My family used to pray that I die, says former alcohol addict
By Fidelis Kabunyi
| August 29th 2021
Gregory Muchiri, 40, knows all too well what it means to be an addict and what addiction can do. He can’t account for 17 years of his life, as it was lost in drugs and alcohol.
Today, over 400 addicts have passed through his Ahadi Treatment and Rehabilitation Centre which saw the Presidential Committee on Awards visit the centre recently.
“I was born and raised in Kirigiti, Kiambu, in a family of seven children. I went to school at Chief Wandie Primary School. I was a bright student and this made my father love me more,” he says.
After sitting his KCPE exam in 1995, Muchiri was admitted to Kanunga High School. “The school was among the best secondary schools in Kiambu. I believe I was among the best since I topped my class,” he recalls.
However, his performance nosedived in the second term and he approached one of his classmates for help. “There was a lot of pressure from my parents to perform well and so I had to look for a way to improve,” he says.
To his surprise, his friend, whom he refers to as Kariuki, gave him something to smoke with a promise that it would help him improve his academic performance.
“At first, I was shocked and hesitant to try what I had come to know was bhang, but at the time I wanted to do well. Kariuki convinced me that a puff a day would make me more attentive."
It wasn’t long before he became addicted and started smoking and drinking alcohol. What followed, he says, was a form of slavery to alcohol and smoking.
“After school, we would go looking for drug peddlers,” he says.
Although at one point his mother came to know that he was into drugs, she chose to hide it from his disciplinarian father.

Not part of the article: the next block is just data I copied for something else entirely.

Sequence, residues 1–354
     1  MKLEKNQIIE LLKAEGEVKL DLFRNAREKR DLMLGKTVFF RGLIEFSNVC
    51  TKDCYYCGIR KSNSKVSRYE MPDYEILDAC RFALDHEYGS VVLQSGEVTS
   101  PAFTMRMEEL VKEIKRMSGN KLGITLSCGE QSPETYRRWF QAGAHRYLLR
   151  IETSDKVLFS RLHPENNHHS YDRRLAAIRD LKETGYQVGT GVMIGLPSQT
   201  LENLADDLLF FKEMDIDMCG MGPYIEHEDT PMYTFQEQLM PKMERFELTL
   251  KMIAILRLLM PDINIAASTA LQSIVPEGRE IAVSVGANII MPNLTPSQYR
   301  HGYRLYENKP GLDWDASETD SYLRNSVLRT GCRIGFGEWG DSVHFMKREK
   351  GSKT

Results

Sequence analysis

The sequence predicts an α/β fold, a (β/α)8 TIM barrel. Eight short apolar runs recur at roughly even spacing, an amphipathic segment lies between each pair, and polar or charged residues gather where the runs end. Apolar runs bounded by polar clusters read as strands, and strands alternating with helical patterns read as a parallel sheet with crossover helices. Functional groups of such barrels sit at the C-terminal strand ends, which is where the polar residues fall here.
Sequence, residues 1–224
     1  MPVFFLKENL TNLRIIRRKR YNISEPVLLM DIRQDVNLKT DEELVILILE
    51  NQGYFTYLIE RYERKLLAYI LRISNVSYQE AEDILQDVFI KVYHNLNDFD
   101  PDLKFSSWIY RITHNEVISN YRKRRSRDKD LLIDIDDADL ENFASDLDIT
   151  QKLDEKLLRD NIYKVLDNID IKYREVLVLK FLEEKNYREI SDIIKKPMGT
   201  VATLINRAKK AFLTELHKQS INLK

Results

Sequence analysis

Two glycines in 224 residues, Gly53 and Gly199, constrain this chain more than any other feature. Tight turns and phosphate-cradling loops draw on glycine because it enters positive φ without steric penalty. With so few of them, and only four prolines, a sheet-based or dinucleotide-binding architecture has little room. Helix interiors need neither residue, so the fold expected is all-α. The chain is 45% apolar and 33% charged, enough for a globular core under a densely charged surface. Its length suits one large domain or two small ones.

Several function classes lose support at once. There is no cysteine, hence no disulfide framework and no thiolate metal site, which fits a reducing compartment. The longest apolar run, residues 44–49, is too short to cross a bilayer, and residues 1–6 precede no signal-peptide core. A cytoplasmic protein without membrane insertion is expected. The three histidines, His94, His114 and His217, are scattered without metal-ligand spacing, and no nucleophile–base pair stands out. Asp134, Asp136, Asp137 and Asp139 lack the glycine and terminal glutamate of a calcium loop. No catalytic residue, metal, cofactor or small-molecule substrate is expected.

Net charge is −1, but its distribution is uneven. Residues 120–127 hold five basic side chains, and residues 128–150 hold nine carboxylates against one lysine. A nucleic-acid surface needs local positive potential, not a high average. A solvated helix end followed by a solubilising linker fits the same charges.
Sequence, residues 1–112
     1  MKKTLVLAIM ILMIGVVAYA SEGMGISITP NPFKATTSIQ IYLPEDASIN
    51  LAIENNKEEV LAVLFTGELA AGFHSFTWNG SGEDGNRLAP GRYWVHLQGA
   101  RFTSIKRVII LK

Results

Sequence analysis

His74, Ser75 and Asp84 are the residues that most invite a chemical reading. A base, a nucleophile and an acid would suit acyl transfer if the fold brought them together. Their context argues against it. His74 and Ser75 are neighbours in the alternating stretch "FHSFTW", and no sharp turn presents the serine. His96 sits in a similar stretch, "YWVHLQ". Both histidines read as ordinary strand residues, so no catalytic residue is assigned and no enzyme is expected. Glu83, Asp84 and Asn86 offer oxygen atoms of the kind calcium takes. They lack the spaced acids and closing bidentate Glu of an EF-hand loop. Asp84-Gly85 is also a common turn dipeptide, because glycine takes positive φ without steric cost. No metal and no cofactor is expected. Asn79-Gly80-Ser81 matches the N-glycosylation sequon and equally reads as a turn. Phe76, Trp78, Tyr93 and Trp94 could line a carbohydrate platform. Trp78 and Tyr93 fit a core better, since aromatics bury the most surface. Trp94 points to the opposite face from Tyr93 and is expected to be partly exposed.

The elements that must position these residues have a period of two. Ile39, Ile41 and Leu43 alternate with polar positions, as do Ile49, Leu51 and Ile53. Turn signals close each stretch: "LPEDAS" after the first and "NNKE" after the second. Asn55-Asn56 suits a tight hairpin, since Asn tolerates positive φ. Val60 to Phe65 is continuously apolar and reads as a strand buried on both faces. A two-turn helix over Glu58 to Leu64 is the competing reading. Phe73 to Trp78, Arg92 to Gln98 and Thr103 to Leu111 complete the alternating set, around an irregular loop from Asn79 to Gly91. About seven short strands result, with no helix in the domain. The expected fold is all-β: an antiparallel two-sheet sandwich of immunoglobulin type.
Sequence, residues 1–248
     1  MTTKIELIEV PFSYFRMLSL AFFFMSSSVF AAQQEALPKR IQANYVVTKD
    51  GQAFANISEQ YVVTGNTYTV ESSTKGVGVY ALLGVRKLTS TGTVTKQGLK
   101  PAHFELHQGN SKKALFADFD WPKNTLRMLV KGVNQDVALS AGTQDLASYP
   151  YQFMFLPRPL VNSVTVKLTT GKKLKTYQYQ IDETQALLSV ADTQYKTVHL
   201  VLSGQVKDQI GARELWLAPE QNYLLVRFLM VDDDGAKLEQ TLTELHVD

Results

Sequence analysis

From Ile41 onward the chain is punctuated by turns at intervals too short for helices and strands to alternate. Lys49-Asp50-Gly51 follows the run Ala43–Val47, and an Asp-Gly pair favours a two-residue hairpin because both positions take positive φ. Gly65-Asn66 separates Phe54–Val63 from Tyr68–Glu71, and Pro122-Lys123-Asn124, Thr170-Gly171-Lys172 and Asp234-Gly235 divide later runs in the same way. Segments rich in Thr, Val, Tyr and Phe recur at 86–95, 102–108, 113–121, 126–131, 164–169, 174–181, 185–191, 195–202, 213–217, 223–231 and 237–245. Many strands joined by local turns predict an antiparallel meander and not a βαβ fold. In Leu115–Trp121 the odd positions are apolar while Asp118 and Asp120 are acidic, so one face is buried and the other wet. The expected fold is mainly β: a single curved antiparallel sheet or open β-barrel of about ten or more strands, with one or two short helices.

“Women are very protective of their children and sometimes it may take time before they accept that their children are doing the wrong things,” he says.
He would sneak out of the school compound and walk to nearby shops in Kanunga area to quench his ‘thirst’, which eventually landed him in trouble with the school administration.
He started stealing other students' and school property to finance his habits.
“By this time my father had come to know that I was into alcohol and smoking. He was no longer bothered by my school performance. I remember at one point he even stopped paying my school fees,” he narrated.
By the time he was in Form Three almost every friend, schoolmate and relative knew he indulged in alcohol. He even introduced some to the vice.
He was now regularly stealing from his parents to finance his alcohol and smoking addiction while some of his friends engaged in pickpocketing.
He sat his KCSE exam in 1999 and managed a C-(Minus).
"This was still a miracle as no one expected me to even get even a D since I rarely attended classes," he recalled.
The father of two said he was lucky to land a World Bank-sponsored Diploma in computer programming in 2006, but he only attended classes for two weeks and was chased away for being drunk and abusive.
A few months later he got a casual job at the Ministry of Public Works where he worked for a month and upon being paid he disappeared into the drinking dens.
“I wasted my entire first salary on drinking. When I came back my boss was torn between sacking and suspending me. I was served with a warning letter on promising to change but was sacked the next month after I failed to report for duty for two weeks,” he recalled.
His drinking was getting worse and due to the embarrassment he was causing the family, at one time in 2006, his family started wishing that he would die, to avoid the humiliation.
“At one time I remember I wanted to commit suicide and even went ahead to strangle myself after all friends and relatives deserted me. I hung myself but luckily fell and was hospitalised at Kiambu Level V Hospital with serious fractures,” he recalls.
“After staying in the hospital for more than six months I resolved to quit drinking, but it wasn’t long before I went back to bhang and alcohol,” he said.
Muchiri has mended his relationship with people he wronged along his life journey.
"I also remarried. My children with my first wife are doing well and I am happy they are bright and focused in life,” he noted. He now runs a campaign against alcohol and drug abuse targeting high school students.
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